City parks are of particular intrigue to me. We of course know by now that green space – natural or deliberate – contributes significantly to the monetary value of an area; when, however, a city, through the course of her development, elects to set aside open space for the sole function of “park” or “public green space,” it is a clear reflection of her value system and a symbol, in particular, of those priorities related to aesthetics, health, and mental well-being.
It is not only the park itself, however, and its mere existence within a city’s bounds, but rather its specifics and design, especially with regard to one park as compared to another only blocks away, and – funding aside – what a park’s design indicates about its function, what signifiers the community includes to direct the park guests in a.) its proper use and b.) the surrounding neighborhood’s values. It can be said that not all parks are created equal, and to say that a park exists nearby is not knowing much without experiencing it firsthand.
There are four parks within a 5-10 minute walk of my apartment. Each and every one is entirely unique in its design and, as such, sends unique messages to those who enter it.
Park #1: nestled amid a quiet but upscale residential area (consisting predominantly of condo buildings), it’s kept largely ungroomed, with mature trees and considerable undergrowth along its fenced edges; it is one of two parks in the area serving as an informal playplace for dogs, where owners will congregate just after 5 p.m. to let their companions off leash. Though there is a leash law in place, here the dogs more or less roam as they please. Both the trees and the dogs are left to their devices.
Park #2: Just two blocks away from the first but surrounded by high-end retail in addition to the residental, and secured by sidewalks that see considerably more traffic, this park is equipped with both a fence and, instead of grass, a growth of bushes so high and dense that they prevent any actual use of the park beyond the concrete path cutting quickly across it. The first time I took my dog here, a woman approached me and asked me not to let him walk in the vegetation.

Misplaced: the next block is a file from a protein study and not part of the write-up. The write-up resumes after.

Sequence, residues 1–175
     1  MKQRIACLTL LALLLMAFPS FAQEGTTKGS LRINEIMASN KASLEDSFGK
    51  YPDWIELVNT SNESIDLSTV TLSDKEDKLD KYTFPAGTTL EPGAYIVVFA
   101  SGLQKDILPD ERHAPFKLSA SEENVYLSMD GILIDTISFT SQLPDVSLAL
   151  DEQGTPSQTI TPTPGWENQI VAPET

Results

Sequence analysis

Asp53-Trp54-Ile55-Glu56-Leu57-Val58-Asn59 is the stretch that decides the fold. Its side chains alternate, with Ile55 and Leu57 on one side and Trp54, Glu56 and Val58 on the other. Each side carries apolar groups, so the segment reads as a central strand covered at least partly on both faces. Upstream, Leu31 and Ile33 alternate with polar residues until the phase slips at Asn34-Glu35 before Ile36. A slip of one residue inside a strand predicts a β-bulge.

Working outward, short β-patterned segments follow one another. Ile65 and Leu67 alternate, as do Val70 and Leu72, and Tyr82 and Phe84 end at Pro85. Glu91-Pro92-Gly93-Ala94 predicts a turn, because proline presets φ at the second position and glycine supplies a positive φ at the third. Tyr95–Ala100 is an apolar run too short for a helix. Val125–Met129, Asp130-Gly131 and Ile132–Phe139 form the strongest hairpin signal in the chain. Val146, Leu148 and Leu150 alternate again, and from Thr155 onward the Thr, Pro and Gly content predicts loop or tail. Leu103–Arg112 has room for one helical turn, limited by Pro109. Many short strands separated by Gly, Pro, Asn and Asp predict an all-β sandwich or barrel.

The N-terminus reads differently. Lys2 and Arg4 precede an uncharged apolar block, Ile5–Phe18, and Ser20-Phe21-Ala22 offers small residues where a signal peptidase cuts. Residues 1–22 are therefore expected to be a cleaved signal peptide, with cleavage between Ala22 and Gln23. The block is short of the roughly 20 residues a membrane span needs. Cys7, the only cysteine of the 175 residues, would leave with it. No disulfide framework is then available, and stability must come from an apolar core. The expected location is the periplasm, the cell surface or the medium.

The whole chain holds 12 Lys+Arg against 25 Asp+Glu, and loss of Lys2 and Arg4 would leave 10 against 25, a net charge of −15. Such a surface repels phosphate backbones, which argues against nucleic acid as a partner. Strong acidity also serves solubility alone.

“We’re trying to let them grow back,” she said.
I eyed the bushes, overgrown and tangled in weeds, thinking but not saying what I thought of the “growth’s” obvious sufficiency; thinking but not saying, also: 1.) “who is ‘we?‘” and 2.) “what makes ‘you‘ (plural) the authority on proper park use?”
Such is the reflection of “their” values: that this park might look “pretty” to them but never be used for anything.
Park #3: a quiet path beyond wrought iron, with tremendous tree walls and ceilings and cobblestone underfoot; lined with benches and marked, in the center, by a driftwood horse twice the real-life size; this park is the least groomed and, as such, the most poetic – an obvious place of “pause” and “reflection,” it is not a place for “play” and certainly not one for “poop.” A sign outside the gate (which exists and is often used in closing off the entrance) plainly reads: “no dogs.”
Park #4: By far the largest, bounding across a city block; stretching to encompass two softball fields, tennis courts and a running track. Here, like the first park, dogs are frequently let off leash, many of them sprinting across the field after balls. The park’s clear message is “recreation,” “athletics” and “play.”
It might be concluded, then, that to truly enjoy a park, we must first be fully aware, either as individuals or as a community, of our own values, and secondarily find one that complements and plays to them.
My own park use is dictated largely by my dog… so while I walk to the first park twice every day, I have only once been to the third.